Residents opposed to a proposed elevated highway – known as the Petaling Jaya Dispersal Link – want the state government of Selangor and Petaling Jaya Mayor Mohd Sayuthi Bakar to hear out their concerns regarding the new highway.

Sheikh Moqhtar Kadir, who serves as chairman of a coalition opposed to the PJD Link, revealed that residents around the proposed dual-carriage expressway have been living in “fear and anxiety” after PJD Link Sdn Bhd announced in January that they would start work on the highway route by year-end, reported Free Malaysia Today (FMT).

However, efforts to set up meetings with the Petaling Jaya Mayor and Selangor Menteri Besar Amirudin Shari for the past few months have been unsuccessful, said Moqhtar.

“A right of hearing must be given to us,” he said after a Zoom meeting hosted by Petaling Jaya MP Maria Chin Abdullah.

“The developer was given this right for them to present their facts, so now, it’s only natural for us to be given that fairness to engage with the state, as well as the MB, to hear our side of the story,” Moqhtar told FMT.

He noted that the Mayor and the state government cannot just shut them down and claim that the project is “development goals”.

“Development goals must be sustainable and compatible with society,” he said.

The Zoom meeting saw representatives of resident associations from SS20, SS21, Section 4 and Section 11 voice out their opposition to the proposed elevated highway. They were joined by representatives of resident associations from Sections 14, Section 17, Section 19, and Section 20.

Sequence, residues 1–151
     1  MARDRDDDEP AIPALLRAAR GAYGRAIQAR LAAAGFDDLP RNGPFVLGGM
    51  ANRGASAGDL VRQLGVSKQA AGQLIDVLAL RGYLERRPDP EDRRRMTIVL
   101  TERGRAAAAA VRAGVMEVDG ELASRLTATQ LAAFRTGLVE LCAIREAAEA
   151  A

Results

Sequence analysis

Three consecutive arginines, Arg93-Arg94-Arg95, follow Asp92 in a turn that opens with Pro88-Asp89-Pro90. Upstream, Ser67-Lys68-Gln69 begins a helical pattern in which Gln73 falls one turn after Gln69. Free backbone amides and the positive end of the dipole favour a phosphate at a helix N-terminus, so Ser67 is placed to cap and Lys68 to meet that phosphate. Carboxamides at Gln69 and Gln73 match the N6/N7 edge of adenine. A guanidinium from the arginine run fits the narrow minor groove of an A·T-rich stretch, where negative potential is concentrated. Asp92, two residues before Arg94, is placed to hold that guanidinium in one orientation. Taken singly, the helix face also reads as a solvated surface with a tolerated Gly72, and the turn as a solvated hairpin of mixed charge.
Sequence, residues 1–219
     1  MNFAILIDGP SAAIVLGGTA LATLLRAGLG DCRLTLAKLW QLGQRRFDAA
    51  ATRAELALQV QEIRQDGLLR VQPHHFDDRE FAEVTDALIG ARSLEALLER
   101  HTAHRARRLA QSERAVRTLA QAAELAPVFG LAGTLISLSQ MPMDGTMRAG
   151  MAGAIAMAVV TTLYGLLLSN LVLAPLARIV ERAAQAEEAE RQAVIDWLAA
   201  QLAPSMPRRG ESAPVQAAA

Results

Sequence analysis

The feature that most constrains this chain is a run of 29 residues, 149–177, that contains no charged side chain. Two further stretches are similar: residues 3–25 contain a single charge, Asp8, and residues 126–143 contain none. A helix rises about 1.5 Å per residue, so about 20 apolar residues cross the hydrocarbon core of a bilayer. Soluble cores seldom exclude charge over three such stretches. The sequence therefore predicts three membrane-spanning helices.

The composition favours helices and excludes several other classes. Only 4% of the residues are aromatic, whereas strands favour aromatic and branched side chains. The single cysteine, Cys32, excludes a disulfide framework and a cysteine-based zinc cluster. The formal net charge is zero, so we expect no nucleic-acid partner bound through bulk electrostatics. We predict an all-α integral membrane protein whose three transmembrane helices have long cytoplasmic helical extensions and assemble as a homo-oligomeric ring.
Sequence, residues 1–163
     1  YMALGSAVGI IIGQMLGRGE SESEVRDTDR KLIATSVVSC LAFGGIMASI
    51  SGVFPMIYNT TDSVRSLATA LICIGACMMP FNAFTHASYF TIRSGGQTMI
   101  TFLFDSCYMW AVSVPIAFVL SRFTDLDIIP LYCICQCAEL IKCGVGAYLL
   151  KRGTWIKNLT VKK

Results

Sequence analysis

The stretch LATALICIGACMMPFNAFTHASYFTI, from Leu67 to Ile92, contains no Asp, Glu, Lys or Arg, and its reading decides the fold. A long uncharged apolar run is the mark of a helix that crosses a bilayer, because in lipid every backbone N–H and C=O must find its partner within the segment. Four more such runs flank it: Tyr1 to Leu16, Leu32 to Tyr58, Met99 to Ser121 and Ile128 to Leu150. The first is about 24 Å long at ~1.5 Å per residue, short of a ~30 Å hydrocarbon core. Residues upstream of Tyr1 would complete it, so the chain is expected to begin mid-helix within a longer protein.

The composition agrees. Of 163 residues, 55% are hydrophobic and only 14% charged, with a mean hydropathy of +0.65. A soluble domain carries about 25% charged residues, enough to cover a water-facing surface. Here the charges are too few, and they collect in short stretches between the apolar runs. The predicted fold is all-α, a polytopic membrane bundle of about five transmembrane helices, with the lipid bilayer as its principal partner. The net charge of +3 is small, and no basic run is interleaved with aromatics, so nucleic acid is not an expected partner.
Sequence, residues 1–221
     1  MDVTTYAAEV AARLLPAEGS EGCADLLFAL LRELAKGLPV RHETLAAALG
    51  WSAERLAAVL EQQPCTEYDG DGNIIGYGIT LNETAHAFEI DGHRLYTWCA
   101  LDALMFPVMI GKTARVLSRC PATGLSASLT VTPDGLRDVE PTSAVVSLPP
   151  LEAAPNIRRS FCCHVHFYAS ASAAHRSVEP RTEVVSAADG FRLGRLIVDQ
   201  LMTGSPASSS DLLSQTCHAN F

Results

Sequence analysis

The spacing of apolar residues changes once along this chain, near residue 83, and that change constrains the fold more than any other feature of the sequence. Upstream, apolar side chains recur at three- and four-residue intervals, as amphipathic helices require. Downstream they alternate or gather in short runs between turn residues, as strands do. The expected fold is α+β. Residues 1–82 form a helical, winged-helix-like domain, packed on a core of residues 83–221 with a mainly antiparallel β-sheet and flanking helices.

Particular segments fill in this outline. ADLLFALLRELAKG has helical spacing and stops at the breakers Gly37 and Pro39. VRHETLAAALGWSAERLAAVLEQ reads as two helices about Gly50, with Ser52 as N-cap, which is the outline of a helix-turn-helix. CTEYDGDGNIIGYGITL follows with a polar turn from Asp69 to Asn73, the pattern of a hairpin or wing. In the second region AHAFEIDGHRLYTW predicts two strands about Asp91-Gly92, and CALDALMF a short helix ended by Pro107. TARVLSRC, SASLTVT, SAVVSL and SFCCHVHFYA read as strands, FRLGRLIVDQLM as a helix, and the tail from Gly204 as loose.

Those from Section 22, Section 51A as well as the Ehsan Ria Condominium in Section 11 also expressed their concerns.

Aside from the fear of losing their homes once PJD Link Sdn Bhd acquires land to make way for the highway, residents and business owners were also concerned of plummeting property prices once their houses or businesses are situated near the highway, said Moqhtar.

He shared that residents also worry of the serious accidents that could occur during the three-year construction period.

Moreover, thousands of trees would likely be chopped down, he added.

Businesses within the area were unanimous in their claim that the new highway would lead to an “unnecessarily enormous” amount of traffic, which also include noise, carbon emissions, pollution as well as the visual blight of an elevated highway.

Moqhtar pointed that the project’s social, traffic and environmental impact assessments are yet to be conducted.

FMT noted that Moqhtar’s concerns on transparency are nothing new.

In September 2020, Bukit Gasing Assemblyman Rajiv Rishyakaran urged the authority and PJD Link Sdn Bhd to share all relevant information regarding the proposed elevated highway with Petaling Jaya residents.

“What we know is that PJD Link has met the state government and presented something. We are curious to know what it was,” he told FMT.

In January, Amrish Hari Narayanan, Executive Director of PJD Link Sdn Bhd, said the highway is expected to generate 12,000 jobs as well as provide an economic output of around RM6.5 billion.

Selayang MP William Leong, however, noted that conversations on economic growth are meaningless in this case.

“We’ve missed the point when we talk about economic growth,” Leong, who is a Petaling Jaya resident since 1973, told the meeting.

“If we’re talking about growth, who is making money? It’s the 1%…We are talking about our lives and the lives of our children. PJ is a very mature community and the older people, like me, have spent their life savings on a house. If you ask them to go, where can they go?” he said as quoted by FMT.

“This will break families apart, and there will be human cost and misery which you cannot measure. The money (compensation) can never be enough…Let’s not talk about money, let’s talk about our way of life.”

Image source from Free Malaysia Today


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